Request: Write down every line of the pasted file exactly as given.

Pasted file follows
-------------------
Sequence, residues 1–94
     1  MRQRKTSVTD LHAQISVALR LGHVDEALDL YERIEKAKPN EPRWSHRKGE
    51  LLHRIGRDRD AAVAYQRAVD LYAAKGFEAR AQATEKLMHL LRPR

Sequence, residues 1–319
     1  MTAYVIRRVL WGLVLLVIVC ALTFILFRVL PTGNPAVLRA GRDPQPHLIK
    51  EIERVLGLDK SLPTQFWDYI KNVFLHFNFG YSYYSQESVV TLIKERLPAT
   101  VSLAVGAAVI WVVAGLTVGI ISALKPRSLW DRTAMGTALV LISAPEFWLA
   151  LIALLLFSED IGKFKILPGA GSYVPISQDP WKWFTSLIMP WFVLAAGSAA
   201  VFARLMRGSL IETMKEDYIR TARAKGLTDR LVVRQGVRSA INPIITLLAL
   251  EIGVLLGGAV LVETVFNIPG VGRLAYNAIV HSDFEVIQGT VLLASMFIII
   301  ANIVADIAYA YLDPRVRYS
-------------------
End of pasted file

Sequence, residues 1–94
     1  MRQRKTSVTD LHAQISVALR LGHVDEALDL YERIEKAKPN EPRWSHRKGE
    51  LLHRIGRDRD AAVAYQRAVD LYAAKGFEAR AQATEKLMHL LRPR

Sequence, residues 1–319
     1  MTAYVIRRVL WGLVLLVIVC ALTFILFRVL PTGNPAVLRA GRDPQPHLIK
    51  EIERVLGLDK SLPTQFWDYI KNVFLHFNFG YSYYSQESVV TLIKERLPAT
   101  VSLAVGAAVI WVVAGLTVGI ISALKPRSLW DRTAMGTALV LISAPEFWLA
   151  LIALLLFSED IGKFKILPGA GSYVPISQDP WKWFTSLIMP WFVLAAGSAA
   201  VFARLMRGSL IETMKEDYIR TARAKGLTDR LVVRQGVRSA INPIITLLAL
   251  EIGVLLGGAV LVETVFNIPG VGRLAYNAIV HSDFEVIQGT VLLASMFIII
   301  ANIVADIAYA YLDPRVRYS